The Monkey King desires to be recognized as a powerful deity, and more than simply a monkey. Through meditation and practicing Kung-Fu, he is transformed into The Great Sage. Chaney argues that for readers, the use of an animal character like the Monkey King within graphic novels and literature in general ironically allows an understanding of human identity, often more than any other type of character. He argues that the use of an animal character with human characteristics, particularly pathos, simultaneously invokes within the reader the Latin warnings of memento mori and memento bestie ("remember your mortality" and "remember you are animal"). According to Chaney, when characteristics generally considered to be human are given to the Monkey King, readers identify with their human identity more than with the human characters of the novel, such as Jin Wang.
Later in the novel, the Monkey King transforms, or disguises himself into Chin-Kee, Danny's cousin, in order to reveal Danny his true identity as Jin Wang. Fu argues that the Monkey King's transformation into Chin-Kee is a representation of "[t]he legendary trickster figure [that] has been repeatedly re-imagined by Chinese American writers as a source of cultural strength, a symbol of subversion and resistance, and a metaphor for cross-cultural and interracial negotiation." The Monkey King in Yang's version of the classic tale does not use his trickery so much for rebellion as for helping Jin Wang explore and accept himself and identify with his culture.
Jin Wang "struggles to survive exclusion and racist bullying in his search for an identity in a predominantly white suburban school". To deal with his crisis of identity he transforms himself into "Danny," a white boy who is the protagonist of the third narrative of the novel. Ultimately, his crisis is only deepened when he has to deal the grotesque representation of Chinese stereotypes that his cousin, Chin-Kee displays. Chin-Kee turns out to be the Monat Jin Wang (disguised/transformed into Danny) has been taught to hate about his own culture via racist American stereotypes. When his true identity is revealed, the Monkey King tells Jin Wang that he used the disguise to serve as Jin Wang's conscience, not as a punishment. Ultimately, Jin Wang begins to accept his own identity and dismisses his alter-ego, Danny.
Wei-Chen Sun is actually the Monkey King's eldest son, sent to earth in human form as an emissary for Tze-Yo-Tzuh. His test of virtue is to spend forty years in the mortal world while remaining free of human vice. When he initially arrives to Jin Wang's school he is "presented as a nerdy but fearless recent immigrant from Taiwan." After Jin kisses Suzy Nakamura and Jin and Wei-Chen have a falling out, Wei-Chen transforms into an "angry and despondent Asian American hipster" and gives up his mission for Tze-Yo-Tzuh. Despite Wei-Chen's multiple transformations, hints of his identity as a monkey are subtly and blatantly represented throughout the story. During the scene with Amelia in the biology lab, Wei-Chen has an affinity to the teacher's lipstick-wearing monkey, who will not leave him alone. Wei-Chen can easily recognize that the monkey is actually a male, just as the monkey can actually recognize that Wei-Chen is a monkey himself. When Jin tells Wei-Chen that he has spoken to Wei-Chen's father (the Monkey King), a panel depicting Wei-Chen's true identity as a monkey juxtaposes his hipster human form in the next panel. No matter what transformation Wei-Chen takes, he cannot dismiss his true identity as a monkey.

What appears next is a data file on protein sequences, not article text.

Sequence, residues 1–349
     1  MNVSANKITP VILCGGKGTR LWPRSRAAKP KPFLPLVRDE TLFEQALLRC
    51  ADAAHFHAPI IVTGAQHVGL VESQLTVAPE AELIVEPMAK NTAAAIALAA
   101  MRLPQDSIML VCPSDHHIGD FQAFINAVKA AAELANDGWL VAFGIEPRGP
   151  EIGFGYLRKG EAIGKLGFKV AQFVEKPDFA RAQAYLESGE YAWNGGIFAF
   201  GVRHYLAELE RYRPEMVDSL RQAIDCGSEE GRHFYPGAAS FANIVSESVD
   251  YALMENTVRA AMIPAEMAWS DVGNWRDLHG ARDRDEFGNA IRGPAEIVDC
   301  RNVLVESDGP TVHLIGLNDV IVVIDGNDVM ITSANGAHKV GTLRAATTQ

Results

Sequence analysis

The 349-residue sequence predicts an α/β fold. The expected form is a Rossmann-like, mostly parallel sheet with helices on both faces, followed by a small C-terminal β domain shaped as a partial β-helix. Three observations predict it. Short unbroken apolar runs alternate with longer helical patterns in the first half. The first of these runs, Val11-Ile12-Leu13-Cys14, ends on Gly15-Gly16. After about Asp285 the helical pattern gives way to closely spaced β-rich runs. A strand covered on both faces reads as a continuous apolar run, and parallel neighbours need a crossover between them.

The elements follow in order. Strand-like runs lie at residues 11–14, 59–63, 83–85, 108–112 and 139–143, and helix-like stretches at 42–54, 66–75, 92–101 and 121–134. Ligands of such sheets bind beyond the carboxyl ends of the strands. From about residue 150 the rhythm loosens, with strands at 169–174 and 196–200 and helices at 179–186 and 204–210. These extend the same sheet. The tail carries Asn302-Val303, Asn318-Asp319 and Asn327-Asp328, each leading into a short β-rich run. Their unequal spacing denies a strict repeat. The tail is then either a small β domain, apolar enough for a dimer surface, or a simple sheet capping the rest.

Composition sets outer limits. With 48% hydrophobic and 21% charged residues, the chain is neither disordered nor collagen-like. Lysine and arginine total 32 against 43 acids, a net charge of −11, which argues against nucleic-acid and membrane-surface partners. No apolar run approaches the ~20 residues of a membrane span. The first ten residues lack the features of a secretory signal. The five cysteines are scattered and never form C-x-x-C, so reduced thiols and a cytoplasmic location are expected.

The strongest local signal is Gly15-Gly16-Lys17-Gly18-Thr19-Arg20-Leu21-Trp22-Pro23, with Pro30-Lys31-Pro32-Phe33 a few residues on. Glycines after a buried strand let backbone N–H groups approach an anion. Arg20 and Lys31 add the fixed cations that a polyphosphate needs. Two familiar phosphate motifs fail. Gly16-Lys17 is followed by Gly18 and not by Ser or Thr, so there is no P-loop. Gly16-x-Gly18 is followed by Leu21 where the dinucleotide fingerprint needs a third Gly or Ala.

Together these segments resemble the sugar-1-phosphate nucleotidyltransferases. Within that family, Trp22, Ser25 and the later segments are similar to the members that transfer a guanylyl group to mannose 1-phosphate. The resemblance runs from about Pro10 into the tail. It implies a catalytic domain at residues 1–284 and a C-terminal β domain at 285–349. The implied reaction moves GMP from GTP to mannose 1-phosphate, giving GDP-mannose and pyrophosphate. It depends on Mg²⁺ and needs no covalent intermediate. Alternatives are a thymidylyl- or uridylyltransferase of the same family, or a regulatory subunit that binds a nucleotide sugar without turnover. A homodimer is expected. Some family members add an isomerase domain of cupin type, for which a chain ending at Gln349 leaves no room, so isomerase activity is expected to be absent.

Use in schools in the United States and the United Kingdom
Gnomes claims that American Born Chinese is a great resource to help academically struggling students (particularly struggling readers) and students with social-cognitive disabilities to find motivation to learn, to relate a piece of text to their lives, and to use the graphics to help them understand/relate to the text.
- Fu, Binbin (Fall 2007). "American Born Chinese". Melus 32 (3): 274. doi:10.1093/melus/32.3.274. Retrieved 7 April 2012.
- American Library Association (2010). "Michael L. Printz Winners and Honor Books". Archived from the original on 8 February 2011. Retrieved 2011-02-03.
- Song, Min Hyoung (2010). ""How good it is to be a monkey": comics, racial formation, and American Born Chinese". Mosaic (Winnipeg) 43 (1).
- Chaney, Michael A. (Summer 2011). "Animal Subjects of the Graphic Novel". College Literature 38 (3). Retrieved 6 April 2012.
- Gnomes, Cheryl (November 2010). "Navigating Through Social Norms, Negotiating Place: How American Born Chinese Motivates Struggling Learners". English Journal 100 (2): 68–76. Retrieved 16 April 2012.
- First Second - Creators - Gene Yang - Blog, essay on the book by author Gene Yang